• I understand IKEA have stopped selling the chunky Expedit, but are making something that has the same capacity, but not the continuity of the same chunky design. Billy?

      Last time I went to IKEA I bought a few things and had to take them all back. Like many “too big” organisations, it has fallen in love with itself, but has lost touch with its customers. They are not alone.

  2. They also made the Fonolit, a gooseneck lamp with a sturdy screw down clamp. With a name like that, of course it was made to illuminate your ‘table as the blue and white spins at 33.3rpm.

    Also, they’ve introduced the Kallax range, the next gen Expedit.

    • IKEA have no idea why anyone buys their products. They just look at the volume of sales of different lines and retire some and promote others. The Expedit range has been a huge support for vinyl collectors. They didn’t introduce it for that reason, it was chance, and they haven’t a clue why we would miss it.I recommend every one to head down to their nearest IKEA and buy what they will soon not be able to,.

      • Yes indeed! Even though I’ve only one shelf I’ll soon be in need of a second so will have to get down there to buy another one soon even if I don’t even need it yet. At ~$60 USD per shelf it would be silly not to….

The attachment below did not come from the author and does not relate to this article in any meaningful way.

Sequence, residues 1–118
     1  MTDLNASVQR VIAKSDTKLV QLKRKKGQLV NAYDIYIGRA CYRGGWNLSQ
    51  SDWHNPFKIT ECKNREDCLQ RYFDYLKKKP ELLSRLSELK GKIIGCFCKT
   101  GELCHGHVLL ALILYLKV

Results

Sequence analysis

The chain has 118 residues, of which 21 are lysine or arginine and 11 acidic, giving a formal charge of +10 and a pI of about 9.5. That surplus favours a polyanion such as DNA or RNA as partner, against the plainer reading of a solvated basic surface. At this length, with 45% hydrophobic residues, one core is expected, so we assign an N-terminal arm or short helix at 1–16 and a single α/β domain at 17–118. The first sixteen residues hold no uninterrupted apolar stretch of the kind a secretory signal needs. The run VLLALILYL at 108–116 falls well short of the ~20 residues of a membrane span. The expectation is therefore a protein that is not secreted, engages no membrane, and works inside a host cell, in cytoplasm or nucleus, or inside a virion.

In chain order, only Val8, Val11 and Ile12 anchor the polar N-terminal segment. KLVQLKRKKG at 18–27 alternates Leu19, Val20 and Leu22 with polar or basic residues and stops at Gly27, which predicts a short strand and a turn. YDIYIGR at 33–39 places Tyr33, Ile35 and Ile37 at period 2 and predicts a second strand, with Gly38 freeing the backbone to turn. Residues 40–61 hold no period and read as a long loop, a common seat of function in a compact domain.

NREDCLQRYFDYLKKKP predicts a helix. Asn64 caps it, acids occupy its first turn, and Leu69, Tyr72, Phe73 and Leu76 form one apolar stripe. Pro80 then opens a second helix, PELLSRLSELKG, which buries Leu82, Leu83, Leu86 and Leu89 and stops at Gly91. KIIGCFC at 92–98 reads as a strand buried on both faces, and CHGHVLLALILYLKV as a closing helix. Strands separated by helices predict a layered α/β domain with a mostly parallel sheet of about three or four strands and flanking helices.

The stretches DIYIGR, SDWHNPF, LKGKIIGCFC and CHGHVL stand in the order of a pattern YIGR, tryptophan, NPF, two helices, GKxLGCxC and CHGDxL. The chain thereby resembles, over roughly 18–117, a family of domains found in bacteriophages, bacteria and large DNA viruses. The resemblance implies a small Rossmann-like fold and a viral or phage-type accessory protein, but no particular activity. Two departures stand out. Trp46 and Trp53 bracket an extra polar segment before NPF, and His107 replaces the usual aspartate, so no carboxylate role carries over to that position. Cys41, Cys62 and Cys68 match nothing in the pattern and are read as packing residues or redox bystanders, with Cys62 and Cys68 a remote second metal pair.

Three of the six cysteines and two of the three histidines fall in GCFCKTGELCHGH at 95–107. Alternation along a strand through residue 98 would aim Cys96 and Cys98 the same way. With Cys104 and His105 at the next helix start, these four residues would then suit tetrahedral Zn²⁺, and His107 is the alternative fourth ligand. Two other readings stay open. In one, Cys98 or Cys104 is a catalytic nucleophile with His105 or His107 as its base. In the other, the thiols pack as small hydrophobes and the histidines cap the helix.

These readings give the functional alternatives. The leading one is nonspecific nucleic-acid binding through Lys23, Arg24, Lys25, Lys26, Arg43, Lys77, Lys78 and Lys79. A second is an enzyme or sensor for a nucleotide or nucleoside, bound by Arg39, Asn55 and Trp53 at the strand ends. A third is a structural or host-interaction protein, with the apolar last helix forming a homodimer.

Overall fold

3. Being in the discographical writing business since 1985 I would like to make a short note which maybe can solve the “original” problem.

    Let us call only 1st issue of a title “original”.

    So there are piano-rolls, acetates, 78rpm, 45rpm, 10inch, 12inch. Yes, even CD, videos, cassettes or even radio broadcasts and private tapes should be called “originals”.
    The term is not reserved for 33rpm only.
    jazzrealities
    Dr. Michael Frohne

    • Fair comment Michael.

      The word “original” is much abused by LP record sellers, so it is worthy of special consideration, as is the term “reissue” .(My scope is limited to LPs, so I have no knowledge of many other formats)

      Some of the early Blue Note recordings were first released on 10″, so strictly speaking, are some of the first 12″ LPs are not “originals” though I would refer to them as “original Blue Note”ie pre-1966, as opposed to “Blue Note reissues” after the company changed hands.